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"Canada can, within a positive friendly atmosphere, ask the Chinese government to resolve the Tibetan situation."

Jia Qinling: Maintaining order and social stability in Tibet

March 4, 2009

by Wang Zhicheng
9 (Italy)
March 3, 2009

The Political Consultative Conference is underway, and the National People's Congress meets in two days. The Chinese leader calls for maintaining the "harmonious society," urging that workers not be fired and their pay not be withheld in the face of a deepening economic crisis. Repression of the Tibetans has been approved. Beijing is under tighter police control than it was during the Olympics.

Beijing (AsiaNews) -- Chinese leader Jia Qinling has stressed that China's priority is maintaining social stability. He is calling on the business world not to fire workers, and not to cut or withhold salaries, in order to guarantee a "harmonious society." At the same time, he is expressing strong support for the Communist Party's policies regarding Tibet, and the way in which it is maintaining order against all attempts at revolt.

Jia Qinling's speech this afternoon opened the 11th Chinese People's Political Consultative Conference (CPPCC), a national body composed of 2,160 members, intended to offer suggestions to the leadership and to the National People's Congress (NPC), the Chinese parliament, which will convene next March 5.

The opening session was attended by the highest authorities of the state and of the party: Hu Jintao, Wu Bangguo, Wen Jiabao, Li Changchun, Xi Jinping, Li Keqiang, He Guoqiang, and Zhou Yongkang.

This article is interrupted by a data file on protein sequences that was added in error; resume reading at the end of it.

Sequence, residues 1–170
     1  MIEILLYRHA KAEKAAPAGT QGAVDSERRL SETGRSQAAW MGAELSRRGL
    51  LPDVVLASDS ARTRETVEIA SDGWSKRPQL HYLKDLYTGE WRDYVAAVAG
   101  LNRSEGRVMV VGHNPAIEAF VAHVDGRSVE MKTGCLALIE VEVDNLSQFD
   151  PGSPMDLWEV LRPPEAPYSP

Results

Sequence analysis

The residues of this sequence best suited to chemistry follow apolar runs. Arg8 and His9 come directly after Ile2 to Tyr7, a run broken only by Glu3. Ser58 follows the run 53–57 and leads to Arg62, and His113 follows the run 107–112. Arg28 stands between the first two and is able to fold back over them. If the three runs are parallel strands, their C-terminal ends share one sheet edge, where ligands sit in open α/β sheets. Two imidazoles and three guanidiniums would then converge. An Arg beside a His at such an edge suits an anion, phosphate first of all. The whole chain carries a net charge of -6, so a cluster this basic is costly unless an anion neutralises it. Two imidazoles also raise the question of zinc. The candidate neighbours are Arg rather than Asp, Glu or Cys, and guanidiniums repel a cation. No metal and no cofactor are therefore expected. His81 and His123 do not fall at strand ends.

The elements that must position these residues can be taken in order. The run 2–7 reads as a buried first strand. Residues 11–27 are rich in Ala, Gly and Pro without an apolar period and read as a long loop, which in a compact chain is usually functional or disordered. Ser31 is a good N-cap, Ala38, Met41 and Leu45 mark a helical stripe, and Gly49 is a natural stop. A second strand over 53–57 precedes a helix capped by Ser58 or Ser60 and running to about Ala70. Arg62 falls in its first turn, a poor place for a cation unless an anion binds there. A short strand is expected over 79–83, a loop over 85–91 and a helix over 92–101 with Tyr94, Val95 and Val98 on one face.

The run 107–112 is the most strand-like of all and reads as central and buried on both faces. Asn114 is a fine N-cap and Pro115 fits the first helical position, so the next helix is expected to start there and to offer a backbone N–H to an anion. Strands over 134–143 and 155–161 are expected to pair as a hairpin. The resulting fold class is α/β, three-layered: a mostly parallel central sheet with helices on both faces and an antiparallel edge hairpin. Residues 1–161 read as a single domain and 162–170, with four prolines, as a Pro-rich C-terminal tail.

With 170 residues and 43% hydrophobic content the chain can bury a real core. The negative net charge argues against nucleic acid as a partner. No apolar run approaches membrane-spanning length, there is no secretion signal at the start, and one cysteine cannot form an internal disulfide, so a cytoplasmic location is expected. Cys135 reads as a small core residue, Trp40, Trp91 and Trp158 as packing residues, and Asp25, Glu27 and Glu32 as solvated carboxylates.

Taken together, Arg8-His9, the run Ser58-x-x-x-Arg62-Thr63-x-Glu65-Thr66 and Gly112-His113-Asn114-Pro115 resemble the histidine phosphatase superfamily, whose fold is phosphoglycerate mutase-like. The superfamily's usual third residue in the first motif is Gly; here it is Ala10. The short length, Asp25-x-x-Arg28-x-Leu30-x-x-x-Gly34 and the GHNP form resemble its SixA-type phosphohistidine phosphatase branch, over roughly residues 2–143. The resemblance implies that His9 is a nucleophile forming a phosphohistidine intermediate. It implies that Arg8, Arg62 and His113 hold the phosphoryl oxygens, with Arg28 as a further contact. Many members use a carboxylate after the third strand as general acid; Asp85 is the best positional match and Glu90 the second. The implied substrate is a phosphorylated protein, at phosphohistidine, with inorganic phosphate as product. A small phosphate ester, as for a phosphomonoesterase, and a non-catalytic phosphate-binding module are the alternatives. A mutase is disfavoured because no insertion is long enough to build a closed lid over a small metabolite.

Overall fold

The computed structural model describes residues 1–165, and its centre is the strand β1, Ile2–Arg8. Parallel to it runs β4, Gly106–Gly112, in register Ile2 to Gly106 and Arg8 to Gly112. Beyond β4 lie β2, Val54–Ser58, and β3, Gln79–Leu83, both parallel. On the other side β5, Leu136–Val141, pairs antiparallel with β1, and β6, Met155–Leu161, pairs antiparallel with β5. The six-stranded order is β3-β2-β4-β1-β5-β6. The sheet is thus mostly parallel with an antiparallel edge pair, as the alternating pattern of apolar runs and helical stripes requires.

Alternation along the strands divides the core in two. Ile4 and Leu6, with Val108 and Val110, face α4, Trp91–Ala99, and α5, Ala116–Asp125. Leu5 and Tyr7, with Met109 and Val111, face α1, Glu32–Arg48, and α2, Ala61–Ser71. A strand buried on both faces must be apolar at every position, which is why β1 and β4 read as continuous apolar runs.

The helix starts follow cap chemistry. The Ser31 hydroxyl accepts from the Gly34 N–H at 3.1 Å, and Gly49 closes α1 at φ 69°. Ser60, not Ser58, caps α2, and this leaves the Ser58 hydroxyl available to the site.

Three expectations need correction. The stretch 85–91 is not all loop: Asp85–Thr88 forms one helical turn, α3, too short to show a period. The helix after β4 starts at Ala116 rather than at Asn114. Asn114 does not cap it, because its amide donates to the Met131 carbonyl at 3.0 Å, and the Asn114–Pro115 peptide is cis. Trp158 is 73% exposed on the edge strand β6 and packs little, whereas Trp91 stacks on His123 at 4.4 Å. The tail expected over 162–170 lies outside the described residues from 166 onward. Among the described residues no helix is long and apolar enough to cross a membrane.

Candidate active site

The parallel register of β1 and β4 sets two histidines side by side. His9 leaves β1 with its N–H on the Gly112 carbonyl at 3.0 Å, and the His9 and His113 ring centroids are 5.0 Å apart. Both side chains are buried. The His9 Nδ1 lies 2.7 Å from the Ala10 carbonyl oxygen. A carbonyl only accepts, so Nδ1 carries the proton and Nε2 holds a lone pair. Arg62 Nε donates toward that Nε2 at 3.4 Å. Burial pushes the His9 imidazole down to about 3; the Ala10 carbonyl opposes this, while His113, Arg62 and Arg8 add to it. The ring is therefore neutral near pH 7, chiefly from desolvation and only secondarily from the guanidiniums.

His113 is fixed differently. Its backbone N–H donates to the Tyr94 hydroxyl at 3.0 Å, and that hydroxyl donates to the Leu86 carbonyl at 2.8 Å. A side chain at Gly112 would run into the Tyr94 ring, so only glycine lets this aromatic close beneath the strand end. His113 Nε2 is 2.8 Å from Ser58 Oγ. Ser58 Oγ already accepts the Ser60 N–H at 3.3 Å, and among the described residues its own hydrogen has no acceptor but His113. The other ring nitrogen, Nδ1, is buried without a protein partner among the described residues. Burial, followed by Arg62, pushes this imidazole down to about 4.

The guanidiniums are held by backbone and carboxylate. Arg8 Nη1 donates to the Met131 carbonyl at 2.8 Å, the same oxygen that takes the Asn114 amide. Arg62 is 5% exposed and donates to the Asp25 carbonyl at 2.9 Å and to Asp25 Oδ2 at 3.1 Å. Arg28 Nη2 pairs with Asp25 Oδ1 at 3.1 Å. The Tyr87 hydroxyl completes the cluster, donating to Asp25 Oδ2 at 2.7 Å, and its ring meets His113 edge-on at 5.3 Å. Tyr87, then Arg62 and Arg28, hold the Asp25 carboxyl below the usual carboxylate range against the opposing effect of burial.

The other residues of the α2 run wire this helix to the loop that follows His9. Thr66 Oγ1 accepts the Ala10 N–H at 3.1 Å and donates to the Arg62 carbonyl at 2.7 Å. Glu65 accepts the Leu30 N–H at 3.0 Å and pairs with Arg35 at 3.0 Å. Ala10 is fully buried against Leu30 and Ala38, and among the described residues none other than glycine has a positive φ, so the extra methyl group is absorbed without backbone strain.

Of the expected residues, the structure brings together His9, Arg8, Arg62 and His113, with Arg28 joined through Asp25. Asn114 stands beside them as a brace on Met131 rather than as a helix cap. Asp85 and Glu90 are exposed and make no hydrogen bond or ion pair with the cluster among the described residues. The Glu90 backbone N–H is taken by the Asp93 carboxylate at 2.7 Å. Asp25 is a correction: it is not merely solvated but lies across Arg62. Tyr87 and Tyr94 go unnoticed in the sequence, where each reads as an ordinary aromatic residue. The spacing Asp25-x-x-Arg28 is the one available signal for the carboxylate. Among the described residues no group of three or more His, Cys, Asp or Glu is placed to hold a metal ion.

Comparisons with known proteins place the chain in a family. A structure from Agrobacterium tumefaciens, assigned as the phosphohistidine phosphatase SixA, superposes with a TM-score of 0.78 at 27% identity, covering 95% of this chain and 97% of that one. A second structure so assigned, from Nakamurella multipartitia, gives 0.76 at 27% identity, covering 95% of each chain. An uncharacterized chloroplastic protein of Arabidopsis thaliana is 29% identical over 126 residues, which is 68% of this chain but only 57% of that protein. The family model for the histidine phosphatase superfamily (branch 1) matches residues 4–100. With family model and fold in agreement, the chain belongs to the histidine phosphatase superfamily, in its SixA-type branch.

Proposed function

Jia Qinling highlighted the "important contributions" of the CPPCC last year. The figures released at the conference mention 5,056 proposals "on politics, economy, science, ecological conservation and other issues." 99 of these, or 3%, received due consideration from the Party.

The president of the CPPCC recalled that 2009 marks the 60th anniversary of the founding of the People's Republic of China, but that "maintaining steady and relatively rapid economic development, safeguarding social harmony and stability" must be given top priority.

Because of the global economic crisis, Jia said, the ideal of the "harmonious society" is undergoing a severe challenge. For this reason, he urged participants at the conference, especially those involved in the private sector, to "refrain from laying off any employees, cutting salaries or withholding wages, so as to create a harmonious labor relationship."

So far, according to figures released by the labor ministry, at least 20 million people are unemployed, because of the closing of many factories. Business owners are closing their facilities without warning, leaving their workers without jobs and often without pay dating back months or even years. This situation is creating tension and clashes with the police and authorities in many regions of China.

Jia asked representatives of the ethnic minorities and the various religions to cooperate for unity in the country and for religious harmony. He expressed unconditional support for the policies of the party and the government in controlling uprisings in Tibet and in other parts of the country. "We unequivocally support the party and government," Jia said, "in dealing with the destructive and disruptive, violent and illegal incidents in Lhasa, Tibet and other areas, in accordance with the law."

In March of 2008, thousands of Tibetans demonstrated against Chinese repression. The demonstrations led to clashes with the army that caused dozens of deaths and hundreds of arrests. Still today, Tibet and many areas of Tibetan ethnicity are being patrolled and monitored to prevent demonstrations, one year after the clashes and 50 years after the violently repressed Tibetan revolt.

The harmonious society is also crumbling in Beijing. For the occasion of the two major gatherings, of the CPPCC and the NPC, more security personnel have been deployed than during the Olympics. In addition to soldiers and police, there are 600,000 "volunteers" watching every intersection. There are three layers of security around the city to prevent the infiltration of demonstrators or of people who want to present petitions at the meetings of the leaders.
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